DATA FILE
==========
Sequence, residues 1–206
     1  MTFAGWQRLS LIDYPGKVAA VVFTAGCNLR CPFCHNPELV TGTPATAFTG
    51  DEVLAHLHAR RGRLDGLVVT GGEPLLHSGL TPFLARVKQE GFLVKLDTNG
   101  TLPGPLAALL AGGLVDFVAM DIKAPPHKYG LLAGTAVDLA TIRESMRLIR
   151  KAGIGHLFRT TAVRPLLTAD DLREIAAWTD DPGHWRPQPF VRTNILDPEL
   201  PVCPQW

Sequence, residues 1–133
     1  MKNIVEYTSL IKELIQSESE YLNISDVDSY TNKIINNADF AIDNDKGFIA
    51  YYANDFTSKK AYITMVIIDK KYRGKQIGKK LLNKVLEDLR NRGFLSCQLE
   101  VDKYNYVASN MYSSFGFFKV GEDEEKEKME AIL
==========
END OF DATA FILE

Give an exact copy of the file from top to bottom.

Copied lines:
Sequence, residues 1–206
     1  MTFAGWQRLS LIDYPGKVAA VVFTAGCNLR CPFCHNPELV TGTPATAFTG
    51  DEVLAHLHAR RGRLDGLVVT GGEPLLHSGL TPFLARVKQE GFLVKLDTNG
   101  TLPGPLAALL AGGLVDFVAM DIKAPPHKYG LLAGTAVDLA TIRESMRLIR
   151  KAGIGHLFRT TAVRPLLTAD DLREIAAWTD DPGHWRPQPF VRTNILDPEL
   201  PVCPQW

Sequence, residues 1–133
     1  MKNIVEYTSL IKELIQSESE YLNISDVDSY TNKIINNADF AIDNDKGFIA
    51  YYANDFTSKK AYITMVIIDK KYRGKQIGKK LLNKVLEDLR NRGFLSCQLE
   101  VDKYNYVASN MYSSFGFFKV GEDEEKEKME AIL